Milk thistle protects against COPD caused by secondhand smoke
(NaturalHealth365) According to the U.S. Centers for Disease Control and Prevention (CDC), 15.7 million people suffer from chronic obstructive pulmonary disease (COPD) – a serious respiratory condition which can cause scarring of the lungs, narrowing of the airway and extreme difficulty breathing. Taking enough milk thistle – on a regular basis – can help protect you from harm. (But, don’t expect to hear about this from the big pharma-owned media.)
Exposure to tobacco smoke – whether through actively smoking or simply inhaling the smoke from another’s cigarette – is the primary cause of COPD. Although Western medicine currently offers no cure for COPD, recent studies generate a ray of hope. Groundbreaking new research suggests that milk thistle extracts may not only prevent COPD but, help to treat it.
WARNING: Carcinogenic secondhand smoke is a major contributor to COPD
“Passive” smoking – the act of inhaling secondhand smoke – exposes the victim’s lungs to a truly noxious cocktail of poisons. In fact, secondhand smoke has been classified as a carcinogen by both the Environmental Protection Agency (EPA) and the National Toxicology Program.
Among the toxins found in secondhand smoke are butane, ammonia, hydrogen cyanide – which is used in chemical warfare – carbon monoxide (think: “car exhaust”) and toluene, found in paint thinners, lacquers and glues. Other constituents include the toxic heavy metals arsenic, lead and cadmium.
Although lung cancer is probably the disease most often associated with secondhand smoke, this lethal form of air pollution is also a primary factor in COPD – which is currently the third leading cause of death in the United States.
Having COPD raises the risk of developing lung cancer and heart disease. To make matters worse, this condition is associated with osteoporosis, anxiety, depression, frailty and malnutrition.
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While Western medicine attempts to manage COPD symptoms with oxygen therapy and drugs such as bronchodilators and corticosteroids, these treatments don’t reduce mortality at all – and some feature serious (unwanted) side effects.
In light of these discouraging facts, the promising results of recent milk thistle studies stand out as a particularly welcome development. (to say the least!)
Silymarin, a flavonoid in milk thistle, alleviates inflammatory response
In a study published in the journal Inflammation, researchers exposed mice to the equivalent of 1.5 packs of cigarettes a day for four weeks, creating drastic increases in peribronchial inflammation, thickening of airway walls and airway obstruction.
The team found that pretreating the mice with silymarin – the active component of milk thistle – an hour before exposure dramatically decreased inflammatory changes, and cut production of pro-inflammatory chemicals such as TNF-alpha and interleukin.
Encouragingly, silymarin also helped safeguard levels of superoxide dismutase, an important disease-fighting antioxidant produced in the body.
A year later, the same team of researchers took another, closer look at the workings of milk thistle. And what they found was encouraging.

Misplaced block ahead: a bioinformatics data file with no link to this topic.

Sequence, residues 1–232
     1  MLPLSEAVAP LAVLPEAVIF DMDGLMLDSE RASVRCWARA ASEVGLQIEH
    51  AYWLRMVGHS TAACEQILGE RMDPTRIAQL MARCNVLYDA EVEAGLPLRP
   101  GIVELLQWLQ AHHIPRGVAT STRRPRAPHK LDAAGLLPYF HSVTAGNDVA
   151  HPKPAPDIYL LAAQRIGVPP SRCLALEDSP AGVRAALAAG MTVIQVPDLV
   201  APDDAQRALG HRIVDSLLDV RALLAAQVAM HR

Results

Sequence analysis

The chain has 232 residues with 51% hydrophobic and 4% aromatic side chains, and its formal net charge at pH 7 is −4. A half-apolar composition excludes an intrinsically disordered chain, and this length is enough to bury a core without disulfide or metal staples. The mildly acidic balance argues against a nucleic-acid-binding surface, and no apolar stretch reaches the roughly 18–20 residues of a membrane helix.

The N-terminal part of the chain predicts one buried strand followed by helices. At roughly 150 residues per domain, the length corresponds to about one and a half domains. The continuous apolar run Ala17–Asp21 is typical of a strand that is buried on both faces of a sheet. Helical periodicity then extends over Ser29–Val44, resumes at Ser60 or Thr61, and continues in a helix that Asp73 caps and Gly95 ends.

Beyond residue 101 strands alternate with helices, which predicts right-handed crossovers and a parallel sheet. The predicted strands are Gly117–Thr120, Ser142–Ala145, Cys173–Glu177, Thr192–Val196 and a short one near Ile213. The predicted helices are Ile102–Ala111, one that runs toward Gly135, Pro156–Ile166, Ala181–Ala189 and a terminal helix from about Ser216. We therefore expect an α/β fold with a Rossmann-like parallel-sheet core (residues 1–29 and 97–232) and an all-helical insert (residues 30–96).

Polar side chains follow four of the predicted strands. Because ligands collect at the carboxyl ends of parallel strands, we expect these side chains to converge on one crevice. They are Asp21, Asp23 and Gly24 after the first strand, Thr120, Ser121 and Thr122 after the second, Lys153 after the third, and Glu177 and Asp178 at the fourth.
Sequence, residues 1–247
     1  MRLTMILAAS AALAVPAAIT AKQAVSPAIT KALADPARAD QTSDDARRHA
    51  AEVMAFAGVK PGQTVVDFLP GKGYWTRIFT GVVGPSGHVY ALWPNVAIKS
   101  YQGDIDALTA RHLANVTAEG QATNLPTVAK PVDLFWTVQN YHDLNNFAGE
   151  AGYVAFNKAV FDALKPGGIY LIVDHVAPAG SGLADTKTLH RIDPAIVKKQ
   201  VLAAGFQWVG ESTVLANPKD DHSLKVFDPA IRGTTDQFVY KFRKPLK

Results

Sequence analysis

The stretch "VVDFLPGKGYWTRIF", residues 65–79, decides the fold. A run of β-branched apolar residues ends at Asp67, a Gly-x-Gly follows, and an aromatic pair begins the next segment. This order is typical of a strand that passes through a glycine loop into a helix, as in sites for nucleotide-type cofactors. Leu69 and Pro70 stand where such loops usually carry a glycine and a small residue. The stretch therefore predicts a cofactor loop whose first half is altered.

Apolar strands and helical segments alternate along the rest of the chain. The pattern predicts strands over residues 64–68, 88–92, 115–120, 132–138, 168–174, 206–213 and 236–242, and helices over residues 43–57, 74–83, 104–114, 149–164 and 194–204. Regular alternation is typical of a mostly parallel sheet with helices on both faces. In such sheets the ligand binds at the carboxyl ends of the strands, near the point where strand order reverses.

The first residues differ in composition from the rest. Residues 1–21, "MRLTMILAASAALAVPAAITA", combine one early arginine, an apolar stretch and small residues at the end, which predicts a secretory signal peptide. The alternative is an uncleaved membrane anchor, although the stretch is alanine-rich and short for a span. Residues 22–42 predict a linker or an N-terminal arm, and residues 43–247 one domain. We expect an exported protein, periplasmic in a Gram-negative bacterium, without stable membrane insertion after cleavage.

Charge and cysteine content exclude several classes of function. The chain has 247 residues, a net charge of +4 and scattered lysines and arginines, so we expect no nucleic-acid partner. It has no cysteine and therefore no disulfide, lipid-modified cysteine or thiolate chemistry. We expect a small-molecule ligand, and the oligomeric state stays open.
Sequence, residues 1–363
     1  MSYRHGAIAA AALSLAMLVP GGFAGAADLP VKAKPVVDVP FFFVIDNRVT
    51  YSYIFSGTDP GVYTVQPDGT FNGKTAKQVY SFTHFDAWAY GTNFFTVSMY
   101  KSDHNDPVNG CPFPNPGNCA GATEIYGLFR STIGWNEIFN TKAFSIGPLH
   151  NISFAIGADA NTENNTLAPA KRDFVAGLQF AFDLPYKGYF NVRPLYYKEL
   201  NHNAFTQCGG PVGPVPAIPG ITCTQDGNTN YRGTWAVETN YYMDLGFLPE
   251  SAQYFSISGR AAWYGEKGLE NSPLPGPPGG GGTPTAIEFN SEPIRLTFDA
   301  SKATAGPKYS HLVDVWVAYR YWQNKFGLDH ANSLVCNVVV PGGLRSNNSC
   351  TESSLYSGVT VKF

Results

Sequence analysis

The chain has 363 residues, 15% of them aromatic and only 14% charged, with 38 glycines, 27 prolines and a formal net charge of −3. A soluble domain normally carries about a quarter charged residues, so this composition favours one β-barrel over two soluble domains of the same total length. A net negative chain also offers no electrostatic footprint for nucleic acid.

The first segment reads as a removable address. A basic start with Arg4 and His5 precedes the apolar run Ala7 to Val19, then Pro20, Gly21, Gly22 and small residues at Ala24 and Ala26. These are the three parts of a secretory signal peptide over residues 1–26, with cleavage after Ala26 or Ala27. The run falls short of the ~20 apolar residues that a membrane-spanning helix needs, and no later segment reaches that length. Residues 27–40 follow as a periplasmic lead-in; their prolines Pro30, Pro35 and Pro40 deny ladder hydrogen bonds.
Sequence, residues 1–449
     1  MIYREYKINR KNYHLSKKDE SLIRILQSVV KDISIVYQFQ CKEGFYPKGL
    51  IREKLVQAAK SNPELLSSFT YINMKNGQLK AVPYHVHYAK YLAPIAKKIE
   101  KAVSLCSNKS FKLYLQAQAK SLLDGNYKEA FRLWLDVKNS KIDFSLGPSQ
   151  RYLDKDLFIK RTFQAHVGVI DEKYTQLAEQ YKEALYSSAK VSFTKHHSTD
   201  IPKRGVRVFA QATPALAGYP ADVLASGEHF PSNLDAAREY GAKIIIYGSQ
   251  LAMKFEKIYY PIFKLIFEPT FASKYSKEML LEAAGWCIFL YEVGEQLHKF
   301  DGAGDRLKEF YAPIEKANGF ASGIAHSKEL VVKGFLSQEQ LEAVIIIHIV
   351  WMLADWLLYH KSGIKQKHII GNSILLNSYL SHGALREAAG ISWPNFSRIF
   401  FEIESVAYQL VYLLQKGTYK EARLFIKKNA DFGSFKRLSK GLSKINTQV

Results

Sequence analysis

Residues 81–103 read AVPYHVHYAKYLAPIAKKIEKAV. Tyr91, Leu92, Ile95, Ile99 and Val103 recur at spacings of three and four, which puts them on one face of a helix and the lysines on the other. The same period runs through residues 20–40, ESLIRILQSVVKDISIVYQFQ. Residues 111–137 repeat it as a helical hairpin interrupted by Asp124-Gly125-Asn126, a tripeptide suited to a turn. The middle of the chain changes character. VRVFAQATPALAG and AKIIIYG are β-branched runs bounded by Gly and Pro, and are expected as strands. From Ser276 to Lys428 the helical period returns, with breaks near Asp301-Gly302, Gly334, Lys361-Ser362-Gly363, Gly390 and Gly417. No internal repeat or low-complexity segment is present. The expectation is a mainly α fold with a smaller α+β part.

In a study of human bronchial cells published in Scientific Report, the team explored the molecular and cellular mechanisms of silymarin – and found once again that the flavonoid attenuated cigarette smoke-induced upregulation of pro-inflammatory chemicals.
And, researchers discovered for the first time that silymarin modulated a certain pathway – known as MAPK – that governs inflammation.
The takeaway? The team concluded that silymarin might be “an ideal agent for treating inflammatory pulmonary diseases.”
Primary constituent in silymarin suppresses inflammation and scarring
In a third study, recently published in Food and Chemical Toxicology, researchers treated mice with silibinin (a constituent of silymarin) one hour before exposure to cigarette smoke.
The team found that the silibinin caused the mice to not only experience the sharp reductions in inflammatory changes seen in earlier studies – but discovered that it also suppressed the scarring and fibrosis that are typical of COPD in humans.
This means that silibinin may not only help prevent COPD – but, reverse it!
Intriguingly, the silibinin directly affected the expression of a certain pro-inflammatory protein – transforming growth factor beta-1 – that is activated and spurred on by exposure to smoke, making it appear that this compound is custom-designed to protect against secondhand smoke.
How do I take milk thistle extracts to protect against COPD?
Milk thistle extracts are available in the form of pills, powders, extracts, liposomes and teas. Look for a high-quality preparation that is standardized to contain 70 to 80 percent silymarin.
Naturopathic doctors may recommend milk thistle extracts in dosages ranging from 20 to 300 mg a day. As always, you should consult a trusted healthcare provider before supplementing with milk thistle – especially if you have a serious medical condition.
For maximum benefit, some natural health experts advise taking a silymarin-phosphatidylcholine complex, a formulation which helps beneficial silymarin attach to cell membranes more easily.
Note: Milk thistle is a member of the aster family. Don’t take milk thistle if you are allergic to any of its “cousins,” such as ragweed, chrysanthemum, chamomile, marigolds, yarrow or daisies.
Notwithstanding its unglamorous resume as a common weed that thrives in fields and pastures, the humble milk thistle is actually a potent herbal hero that can help defend against a debilitating and deadly disease. If you have been – or are currently – exposed to firsthand or secondhand cigarette smoke, supplementing with milk thistle to protect against COPD could be a wise move.
Sources for this article include:
Food & Nutrition
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